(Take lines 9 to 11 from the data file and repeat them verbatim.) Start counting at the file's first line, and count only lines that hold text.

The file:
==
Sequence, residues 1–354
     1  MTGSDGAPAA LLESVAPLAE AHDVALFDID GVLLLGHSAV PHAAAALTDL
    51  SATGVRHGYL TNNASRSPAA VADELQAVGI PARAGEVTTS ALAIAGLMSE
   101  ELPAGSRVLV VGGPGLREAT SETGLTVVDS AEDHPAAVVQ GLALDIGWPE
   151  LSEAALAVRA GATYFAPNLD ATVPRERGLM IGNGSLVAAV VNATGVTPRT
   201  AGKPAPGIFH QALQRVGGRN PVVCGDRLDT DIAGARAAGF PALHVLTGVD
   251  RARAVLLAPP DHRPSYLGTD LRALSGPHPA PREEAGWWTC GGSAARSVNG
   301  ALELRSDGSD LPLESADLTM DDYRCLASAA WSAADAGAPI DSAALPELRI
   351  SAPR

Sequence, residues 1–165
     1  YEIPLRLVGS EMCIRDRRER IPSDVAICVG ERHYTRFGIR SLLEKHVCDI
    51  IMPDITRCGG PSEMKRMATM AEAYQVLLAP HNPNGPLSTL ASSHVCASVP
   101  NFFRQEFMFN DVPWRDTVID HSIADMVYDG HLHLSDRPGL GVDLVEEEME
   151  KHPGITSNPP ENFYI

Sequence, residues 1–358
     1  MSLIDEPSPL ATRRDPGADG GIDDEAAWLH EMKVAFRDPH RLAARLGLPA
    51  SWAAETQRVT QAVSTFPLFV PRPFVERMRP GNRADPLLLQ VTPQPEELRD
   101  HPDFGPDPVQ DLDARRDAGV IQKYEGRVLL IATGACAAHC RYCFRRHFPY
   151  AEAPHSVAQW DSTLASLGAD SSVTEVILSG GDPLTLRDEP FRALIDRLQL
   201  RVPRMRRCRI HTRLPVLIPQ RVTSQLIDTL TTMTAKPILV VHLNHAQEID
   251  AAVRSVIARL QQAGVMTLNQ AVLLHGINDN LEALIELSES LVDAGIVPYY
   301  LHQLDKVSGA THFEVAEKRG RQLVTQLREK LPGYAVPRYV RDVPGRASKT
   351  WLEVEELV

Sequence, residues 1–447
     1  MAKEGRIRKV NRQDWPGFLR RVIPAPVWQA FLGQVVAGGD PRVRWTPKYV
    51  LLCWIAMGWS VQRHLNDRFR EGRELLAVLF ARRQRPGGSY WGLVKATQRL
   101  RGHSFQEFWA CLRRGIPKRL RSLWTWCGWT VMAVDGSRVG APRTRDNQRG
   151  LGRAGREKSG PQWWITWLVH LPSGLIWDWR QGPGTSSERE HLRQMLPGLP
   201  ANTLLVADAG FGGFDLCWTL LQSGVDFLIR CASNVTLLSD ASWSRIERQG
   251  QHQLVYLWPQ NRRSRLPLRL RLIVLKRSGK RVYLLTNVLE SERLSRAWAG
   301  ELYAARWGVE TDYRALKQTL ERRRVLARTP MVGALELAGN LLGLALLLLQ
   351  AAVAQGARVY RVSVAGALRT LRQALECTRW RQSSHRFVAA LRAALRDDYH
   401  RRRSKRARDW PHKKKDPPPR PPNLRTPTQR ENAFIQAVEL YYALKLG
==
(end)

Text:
   351  SAPR

Sequence, residues 1–165
     1  YEIPLRLVGS EMCIRDRRER IPSDVAICVG ERHYTRFGIR SLLEKHVCDI